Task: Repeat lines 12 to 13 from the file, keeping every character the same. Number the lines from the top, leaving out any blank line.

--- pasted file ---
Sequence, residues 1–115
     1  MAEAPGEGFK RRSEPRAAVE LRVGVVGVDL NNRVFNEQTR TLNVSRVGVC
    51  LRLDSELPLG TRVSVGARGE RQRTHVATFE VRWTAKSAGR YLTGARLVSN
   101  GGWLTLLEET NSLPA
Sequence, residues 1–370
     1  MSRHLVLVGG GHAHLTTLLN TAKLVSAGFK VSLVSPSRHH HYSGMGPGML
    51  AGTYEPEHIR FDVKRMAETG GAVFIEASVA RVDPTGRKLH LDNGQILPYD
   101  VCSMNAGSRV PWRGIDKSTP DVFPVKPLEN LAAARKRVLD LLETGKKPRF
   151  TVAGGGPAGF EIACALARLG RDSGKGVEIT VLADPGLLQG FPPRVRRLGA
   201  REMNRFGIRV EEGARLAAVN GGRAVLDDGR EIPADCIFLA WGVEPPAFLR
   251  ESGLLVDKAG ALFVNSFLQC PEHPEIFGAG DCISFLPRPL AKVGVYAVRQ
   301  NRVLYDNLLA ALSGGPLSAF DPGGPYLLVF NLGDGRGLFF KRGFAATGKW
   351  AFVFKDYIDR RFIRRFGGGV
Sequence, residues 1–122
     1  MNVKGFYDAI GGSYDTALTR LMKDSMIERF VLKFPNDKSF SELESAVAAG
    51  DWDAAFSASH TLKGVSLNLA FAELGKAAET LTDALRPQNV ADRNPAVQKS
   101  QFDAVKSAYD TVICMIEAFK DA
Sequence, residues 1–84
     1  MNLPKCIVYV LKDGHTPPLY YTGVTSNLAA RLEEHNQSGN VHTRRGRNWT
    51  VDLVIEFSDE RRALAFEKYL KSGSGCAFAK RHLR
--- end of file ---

   301  NRVLYDNLLA ALSGGPLSAF DPGGPYLLVF NLGDGRGLFF KRGFAATGKW
   351  AFVFKDYIDR RFIRRFGGGV